Colma: The Musical

"Very Good"

Colma: The Musical Review


Colma: The Musical blazes a new trail for cinematic start-ups: the earnest, low-budget musical. Forget the massive, overdone blowout that is Chicago. Skip the made-for-Oscar, epic style of Dreamgirls. Hit the suburbs with this cast of three 18-year-olds and you'll find that a sharp, witty song doesn't need a $70 million budget to be thoroughly enjoyable.

Musical features are rare enough, but for a directorial debut -- a great one, at that -- it's practically unheard of. This oddity is the brainchild of songwriter/screenwriter/actor H.P. Mendoza and director Richard Wong, taking the idea for a single song and morphing it into a 100-minute feature that displays humor and maturity... and the occasional bumps of a first try.

The story focuses on a trio of buddies just two weeks out of high school: Billy (Jake Moreno), a straight-laced romantic with acting aspirations; Rodel (Mendoza), a closeted gay with a scathing sense of humor; and Maribel (L.A. Renigen), a party girl usually interested in getting laid. The three grew up in Colma, a pseudo-suburb of San Francisco, best known for its unusually high ratio of buried people to living residents.

This is the setting teen angst was made for. The opening musical number -- the catchy "Colma Stays" -- sets the vibe perfectly, as the three leads go about their business knowing that no matter how much changes, even within their sleepy town, nothing will ever change. And each must determine what they'll do about that now that the structure of high school is gone from their lives.

What begins as a fairly light, poppy comedy becomes appropriately denser as character issues emerge. And Mendoza's songs reflect and drive the narrative surprisingly well, as the music moves from easy indie to barroom shanty (in 3/4 time, no less) to a brooding ballad sung in a graveyard.

By the time it's apparent the friends' relationships must change, Mendoza and Wong have inched up the film's heart and sincerity without a false note of sappiness. As a writer, Mendoza can really create a story with balance and weight, whether he's creating dialogue or lyrics, and his contribution to Colma (acting as well) is the film's greatest revelation.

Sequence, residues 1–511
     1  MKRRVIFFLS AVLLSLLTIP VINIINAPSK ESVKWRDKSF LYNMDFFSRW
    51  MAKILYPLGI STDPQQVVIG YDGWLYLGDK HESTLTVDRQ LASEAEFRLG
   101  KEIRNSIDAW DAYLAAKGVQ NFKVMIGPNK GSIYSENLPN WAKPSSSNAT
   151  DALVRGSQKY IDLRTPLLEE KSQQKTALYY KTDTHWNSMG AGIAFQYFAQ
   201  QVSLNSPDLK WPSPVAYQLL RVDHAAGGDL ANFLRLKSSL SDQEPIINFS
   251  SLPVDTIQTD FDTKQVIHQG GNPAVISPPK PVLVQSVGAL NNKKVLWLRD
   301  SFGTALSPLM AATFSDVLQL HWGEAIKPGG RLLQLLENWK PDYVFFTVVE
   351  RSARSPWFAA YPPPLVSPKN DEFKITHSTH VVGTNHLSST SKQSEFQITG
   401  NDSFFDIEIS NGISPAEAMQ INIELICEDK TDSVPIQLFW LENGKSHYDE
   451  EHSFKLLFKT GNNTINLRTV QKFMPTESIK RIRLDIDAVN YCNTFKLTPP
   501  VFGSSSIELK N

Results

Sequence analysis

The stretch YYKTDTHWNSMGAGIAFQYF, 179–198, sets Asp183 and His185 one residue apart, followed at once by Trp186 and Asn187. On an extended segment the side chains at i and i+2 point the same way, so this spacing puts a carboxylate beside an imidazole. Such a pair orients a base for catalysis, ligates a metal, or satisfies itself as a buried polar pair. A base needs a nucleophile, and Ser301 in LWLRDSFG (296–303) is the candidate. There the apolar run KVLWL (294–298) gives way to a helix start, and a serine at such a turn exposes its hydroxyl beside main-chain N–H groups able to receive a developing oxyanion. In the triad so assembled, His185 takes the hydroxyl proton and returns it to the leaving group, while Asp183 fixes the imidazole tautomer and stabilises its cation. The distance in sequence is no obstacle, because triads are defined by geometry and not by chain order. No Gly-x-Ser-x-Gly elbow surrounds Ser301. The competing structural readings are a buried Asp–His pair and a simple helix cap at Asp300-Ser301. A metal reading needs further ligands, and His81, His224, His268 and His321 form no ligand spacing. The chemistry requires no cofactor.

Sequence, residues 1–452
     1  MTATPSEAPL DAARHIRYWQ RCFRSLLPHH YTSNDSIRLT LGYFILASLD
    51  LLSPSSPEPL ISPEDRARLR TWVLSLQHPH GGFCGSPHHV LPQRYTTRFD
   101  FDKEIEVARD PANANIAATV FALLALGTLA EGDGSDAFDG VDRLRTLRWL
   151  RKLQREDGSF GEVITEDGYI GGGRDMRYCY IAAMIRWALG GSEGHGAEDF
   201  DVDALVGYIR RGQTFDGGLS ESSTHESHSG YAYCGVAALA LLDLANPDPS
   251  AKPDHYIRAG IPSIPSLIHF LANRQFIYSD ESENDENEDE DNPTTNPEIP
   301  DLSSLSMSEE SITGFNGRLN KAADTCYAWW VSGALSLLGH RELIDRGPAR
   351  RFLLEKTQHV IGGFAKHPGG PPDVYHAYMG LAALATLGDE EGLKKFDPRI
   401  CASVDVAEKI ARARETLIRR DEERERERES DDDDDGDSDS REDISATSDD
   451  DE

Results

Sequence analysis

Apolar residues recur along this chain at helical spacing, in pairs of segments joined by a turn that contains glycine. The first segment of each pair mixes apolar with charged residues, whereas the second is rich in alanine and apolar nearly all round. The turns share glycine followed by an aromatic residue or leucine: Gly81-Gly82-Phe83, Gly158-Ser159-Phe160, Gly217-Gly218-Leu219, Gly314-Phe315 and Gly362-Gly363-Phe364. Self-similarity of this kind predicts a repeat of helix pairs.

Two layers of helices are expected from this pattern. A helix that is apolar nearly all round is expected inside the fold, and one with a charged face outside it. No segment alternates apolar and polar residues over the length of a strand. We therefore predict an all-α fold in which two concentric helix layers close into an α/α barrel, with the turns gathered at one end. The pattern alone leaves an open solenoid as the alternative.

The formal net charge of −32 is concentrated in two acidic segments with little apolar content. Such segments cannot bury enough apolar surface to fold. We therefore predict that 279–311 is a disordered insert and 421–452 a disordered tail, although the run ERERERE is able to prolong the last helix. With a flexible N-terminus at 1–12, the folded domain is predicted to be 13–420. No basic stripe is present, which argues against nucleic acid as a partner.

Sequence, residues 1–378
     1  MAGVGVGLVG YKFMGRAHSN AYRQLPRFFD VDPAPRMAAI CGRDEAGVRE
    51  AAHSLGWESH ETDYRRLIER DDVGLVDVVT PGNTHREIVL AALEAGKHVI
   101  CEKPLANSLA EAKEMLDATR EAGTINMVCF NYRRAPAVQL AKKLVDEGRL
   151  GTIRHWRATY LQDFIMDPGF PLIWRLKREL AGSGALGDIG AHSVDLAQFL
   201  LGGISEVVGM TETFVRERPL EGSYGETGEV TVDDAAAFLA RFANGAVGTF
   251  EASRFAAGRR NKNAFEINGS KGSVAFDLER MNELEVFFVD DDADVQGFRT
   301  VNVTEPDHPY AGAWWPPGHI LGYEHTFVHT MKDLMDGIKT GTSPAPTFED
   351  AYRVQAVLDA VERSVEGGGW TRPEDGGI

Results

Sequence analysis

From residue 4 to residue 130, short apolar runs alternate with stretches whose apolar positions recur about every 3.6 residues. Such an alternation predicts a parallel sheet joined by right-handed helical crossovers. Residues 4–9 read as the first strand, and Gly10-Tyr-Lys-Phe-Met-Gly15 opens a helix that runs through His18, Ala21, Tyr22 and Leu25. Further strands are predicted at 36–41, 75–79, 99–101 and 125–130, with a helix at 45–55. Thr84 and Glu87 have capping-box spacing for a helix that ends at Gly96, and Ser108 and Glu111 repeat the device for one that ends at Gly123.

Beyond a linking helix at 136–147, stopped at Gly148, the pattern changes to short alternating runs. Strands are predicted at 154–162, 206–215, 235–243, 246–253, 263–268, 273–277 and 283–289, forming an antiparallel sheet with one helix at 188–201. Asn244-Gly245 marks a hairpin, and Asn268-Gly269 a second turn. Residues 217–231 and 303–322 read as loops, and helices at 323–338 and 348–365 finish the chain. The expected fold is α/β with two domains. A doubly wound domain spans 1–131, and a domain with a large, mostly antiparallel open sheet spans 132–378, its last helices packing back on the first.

Colma's vocal performances range from strong to unpolished, but that really adds to the film's charm. I would've been disappointed if any of the film's leads belted out a complex, pitch-perfect song; it just wouldn't have fit their thoughts and, frankly, their characters' ages. Moreno sits in the higher octaves, like a whinier version of Blink-182, and Mendoza is close by, with some appealing harmonies. Renigen displays the most natural singing ability and is probably the easiest to listen to if you closed your eyes.

We're reminded of the actors' general inexperience during some dialogue -- in particular, Moreno hits his lines a little quickly and Mendoza smoothly balances him out -- but it's worth hanging in there, especially as the actors hit a stride late in the film. And there's the occasional unnecessarily immature lyric: Rodel has a fun time rhyming "blunt" with a word that pisses off any woman.

But compare this with other films about being a teen (even the good ones), and few match this level of happy, resourceful creativity and unforced diversity. Whether or not "Colma Stays," it'd be great if the few people who made Colma: The Musical could hang around.

Colma chameleon.



Colma: The Musical

Facts and Figures

Run time: 100 mins

In Theaters: Tuesday 21st March 2006

Distributed by: Roadside Attractions

Reviews

Contactmusic.com: 3.5 / 5

Rotten Tomatoes: 90%
Fresh: 27 Rotten: 3

IMDB: 6.5 / 10

Cast & Crew

Director: Richard Wong

Producer: Paul Kolsanoff, Richard Wong, Angel Vasquez

Contactmusic


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